Nile crocodile

Crocodylus niloticus


Crocodylus niloticus Laurenti, 1768, India and Egypt. OTHER COMMON NAMES

French: Croco afrique; German: Nordöstliches Nilkrokodil; Spanish: Cocodrilo del Nilo; Swahili: Mamba.


This is a heavyset species with prominent dorsal scales or scutes arranged in even rows. Average adult lengths are 11.5 ft (3.5 m) for males and 8 ft (2.5 m) for females. Males grow to a maximum length of 18 ft (5.5 m); females to 11.5 ft (3.5 m). Young Nile crocodiles are brown or olive with strong darker markings. In adults the markings are vague and older animals are uniformly dark brown or gray. The belly is yellowish, white, or gray.


South of the Sahara desert throughout much of tropical and southern Africa and Madagascar.


This species inhabits wetlands, rivers, and lakes, inclusive of coastal areas.


Although a social animal, adult males square off for territory and mates during the breeding season. It is common for large groups of adults of both sexes to bask and feed in one area.


Young Nile crocodiles feed largely on insects and spiders with frogs, fish, snakes, and other small vertebrates. Subadults and adult crocodiles mainly eat fish, although very large adults kill and eat antelopes, warthogs, domestic animals, and occasionally humans. These crocodiles use various techniques to catch their prey, including the "hide and wait" method at water holes and river crossings, waiting underwater for fish, and following scent trails to carrion, even when far from water.


The nesting season across Africa occurs from August to January. The female digs a nest hole above the high water line to lay 50-80 eggs. The female stays close to the nest for the 80-90 days of incubation. When the young hatch, she digs them out of the underground nest and carries them to the water. Nests are raided by a variety of predators, namely monitor lizards, hyenas, and humans. The crèche of young stay together for a month or more under the watchful eye of the parent.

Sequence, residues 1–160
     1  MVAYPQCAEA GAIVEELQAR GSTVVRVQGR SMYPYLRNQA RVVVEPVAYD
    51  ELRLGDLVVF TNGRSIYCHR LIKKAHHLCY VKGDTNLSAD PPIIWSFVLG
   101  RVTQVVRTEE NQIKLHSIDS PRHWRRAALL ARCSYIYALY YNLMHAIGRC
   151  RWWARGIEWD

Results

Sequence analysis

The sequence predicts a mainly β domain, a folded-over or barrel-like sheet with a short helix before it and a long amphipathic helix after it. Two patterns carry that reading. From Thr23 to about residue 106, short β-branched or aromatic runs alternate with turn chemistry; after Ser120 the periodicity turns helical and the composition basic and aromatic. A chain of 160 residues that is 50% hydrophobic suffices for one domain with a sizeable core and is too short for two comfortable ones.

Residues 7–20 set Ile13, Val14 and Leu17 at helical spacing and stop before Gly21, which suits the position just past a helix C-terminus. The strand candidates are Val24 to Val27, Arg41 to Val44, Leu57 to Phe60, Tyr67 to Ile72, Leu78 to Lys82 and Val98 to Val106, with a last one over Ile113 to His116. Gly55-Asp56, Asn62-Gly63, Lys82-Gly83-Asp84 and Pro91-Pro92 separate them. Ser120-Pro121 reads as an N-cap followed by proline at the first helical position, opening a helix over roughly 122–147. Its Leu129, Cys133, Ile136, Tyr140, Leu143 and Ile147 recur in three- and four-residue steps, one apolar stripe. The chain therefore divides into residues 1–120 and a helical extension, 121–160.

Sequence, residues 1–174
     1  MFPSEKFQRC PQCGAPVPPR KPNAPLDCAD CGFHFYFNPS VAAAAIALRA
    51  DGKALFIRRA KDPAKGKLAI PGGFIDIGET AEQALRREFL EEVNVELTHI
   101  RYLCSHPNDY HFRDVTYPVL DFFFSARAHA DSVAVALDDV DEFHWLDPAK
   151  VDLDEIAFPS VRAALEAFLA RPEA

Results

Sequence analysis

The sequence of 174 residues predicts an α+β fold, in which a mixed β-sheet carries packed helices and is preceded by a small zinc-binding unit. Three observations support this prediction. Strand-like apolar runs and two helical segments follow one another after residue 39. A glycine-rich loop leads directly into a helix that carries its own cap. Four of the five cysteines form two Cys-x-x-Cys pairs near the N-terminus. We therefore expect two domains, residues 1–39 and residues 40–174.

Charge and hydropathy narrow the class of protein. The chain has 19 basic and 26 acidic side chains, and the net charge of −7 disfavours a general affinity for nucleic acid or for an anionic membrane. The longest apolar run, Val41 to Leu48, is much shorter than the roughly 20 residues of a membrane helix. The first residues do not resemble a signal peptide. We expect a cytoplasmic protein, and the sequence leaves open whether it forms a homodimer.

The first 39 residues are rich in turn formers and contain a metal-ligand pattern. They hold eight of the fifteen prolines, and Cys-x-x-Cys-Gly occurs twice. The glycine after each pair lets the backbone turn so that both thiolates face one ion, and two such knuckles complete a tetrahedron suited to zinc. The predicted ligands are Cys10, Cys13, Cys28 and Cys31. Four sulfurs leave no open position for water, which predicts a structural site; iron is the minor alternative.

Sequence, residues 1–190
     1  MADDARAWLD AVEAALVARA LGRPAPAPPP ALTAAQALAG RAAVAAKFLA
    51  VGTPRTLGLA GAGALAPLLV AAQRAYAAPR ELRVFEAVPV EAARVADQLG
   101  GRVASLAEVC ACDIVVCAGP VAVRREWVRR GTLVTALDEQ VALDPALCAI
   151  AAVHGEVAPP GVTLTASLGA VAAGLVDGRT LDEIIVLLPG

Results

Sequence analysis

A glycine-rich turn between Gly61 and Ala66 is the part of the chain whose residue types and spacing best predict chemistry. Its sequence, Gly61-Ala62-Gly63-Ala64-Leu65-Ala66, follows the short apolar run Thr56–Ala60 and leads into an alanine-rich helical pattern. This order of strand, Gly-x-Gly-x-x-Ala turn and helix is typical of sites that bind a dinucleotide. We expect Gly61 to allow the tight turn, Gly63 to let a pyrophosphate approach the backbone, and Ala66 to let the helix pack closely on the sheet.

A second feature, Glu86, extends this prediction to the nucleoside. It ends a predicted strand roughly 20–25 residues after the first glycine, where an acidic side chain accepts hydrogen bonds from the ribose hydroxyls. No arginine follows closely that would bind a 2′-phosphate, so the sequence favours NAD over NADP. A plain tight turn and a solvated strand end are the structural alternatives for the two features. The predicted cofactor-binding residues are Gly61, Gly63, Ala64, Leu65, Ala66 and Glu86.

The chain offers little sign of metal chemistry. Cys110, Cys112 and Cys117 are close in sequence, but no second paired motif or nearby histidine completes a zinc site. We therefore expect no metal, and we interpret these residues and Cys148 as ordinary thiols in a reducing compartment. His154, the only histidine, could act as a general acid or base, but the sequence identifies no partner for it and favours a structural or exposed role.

The Nile crocodile forms the basis of a successful sustainable-use program for skins and meat in several African countries. In other parts of its range, notably Central and West Africa, the crocodile is in decline and there is very little status information. It is afforded some level of local protection throughout its range, and is no longer included on the IUCN Red List. As of 2002, the Nile crocodile was on Appendix I of CITES, except for ranched animals in Botswana, Ethiopia, Kenya, Malawi, Mozambique, South Africa, Tanzania, Zambia, and Zimbabwe. Nile crocodiles are on Appendix II in Madagascar and Uganda, where there is an annual hunting quota. The estimated population in the wild is 250,000-500,000.


There is a long history of reverence for the Nile crocodile, dating back to the time of the pharaohs when hundreds of crocodiles were mummified along with dead kings. Today there is less reverence and more fear and intolerance toward these crocodiles, which sometimes prey on livestock and humans. ♦

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